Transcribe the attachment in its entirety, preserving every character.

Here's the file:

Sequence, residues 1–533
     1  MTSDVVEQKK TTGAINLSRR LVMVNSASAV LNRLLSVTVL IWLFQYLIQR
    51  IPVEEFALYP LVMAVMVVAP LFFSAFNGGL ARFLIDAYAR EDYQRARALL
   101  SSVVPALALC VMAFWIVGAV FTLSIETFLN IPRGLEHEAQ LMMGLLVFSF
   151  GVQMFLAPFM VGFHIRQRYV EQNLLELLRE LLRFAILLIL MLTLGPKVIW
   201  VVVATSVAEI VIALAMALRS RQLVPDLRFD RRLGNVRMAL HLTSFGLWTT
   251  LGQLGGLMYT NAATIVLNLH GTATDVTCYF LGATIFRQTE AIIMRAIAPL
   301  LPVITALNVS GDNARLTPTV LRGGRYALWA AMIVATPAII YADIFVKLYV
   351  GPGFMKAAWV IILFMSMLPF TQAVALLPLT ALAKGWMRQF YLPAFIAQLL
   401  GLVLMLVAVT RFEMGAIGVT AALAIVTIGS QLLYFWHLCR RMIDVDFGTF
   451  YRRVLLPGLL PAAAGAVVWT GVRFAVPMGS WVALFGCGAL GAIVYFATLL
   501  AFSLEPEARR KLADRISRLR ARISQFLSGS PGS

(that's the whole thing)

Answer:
Sequence, residues 1–533
     1  MTSDVVEQKK TTGAINLSRR LVMVNSASAV LNRLLSVTVL IWLFQYLIQR
    51  IPVEEFALYP LVMAVMVVAP LFFSAFNGGL ARFLIDAYAR EDYQRARALL
   101  SSVVPALALC VMAFWIVGAV FTLSIETFLN IPRGLEHEAQ LMMGLLVFSF
   151  GVQMFLAPFM VGFHIRQRYV EQNLLELLRE LLRFAILLIL MLTLGPKVIW
   201  VVVATSVAEI VIALAMALRS RQLVPDLRFD RRLGNVRMAL HLTSFGLWTT
   251  LGQLGGLMYT NAATIVLNLH GTATDVTCYF LGATIFRQTE AIIMRAIAPL
   301  LPVITALNVS GDNARLTPTV LRGGRYALWA AMIVATPAII YADIFVKLYV
   351  GPGFMKAAWV IILFMSMLPF TQAVALLPLT ALAKGWMRQF YLPAFIAQLL
   401  GLVLMLVAVT RFEMGAIGVT AALAIVTIGS QLLYFWHLCR RMIDVDFGTF
   451  YRRVLLPGLL PAAAGAVVWT GVRFAVPMGS WVALFGCGAL GAIVYFATLL
   501  AFSLEPEARR KLADRISRLR ARISQFLSGS PGS